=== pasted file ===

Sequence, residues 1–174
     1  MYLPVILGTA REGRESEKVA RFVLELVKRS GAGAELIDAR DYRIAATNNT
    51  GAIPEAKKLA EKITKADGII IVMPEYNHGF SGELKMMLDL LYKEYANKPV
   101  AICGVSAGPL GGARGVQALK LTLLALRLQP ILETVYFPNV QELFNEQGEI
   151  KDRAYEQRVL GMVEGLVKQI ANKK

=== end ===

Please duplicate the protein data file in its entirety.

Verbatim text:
Sequence, residues 1–174
     1  MYLPVILGTA REGRESEKVA RFVLELVKRS GAGAELIDAR DYRIAATNNT
    51  GAIPEAKKLA EKITKADGII IVMPEYNHGF SGELKMMLDL LYKEYANKPV
   101  AICGVSAGPL GGARGVQALK LTLLALRLQP ILETVYFPNV QELFNEQGEI
   151  KDRAYEQRVL GMVEGLVKQI ANKK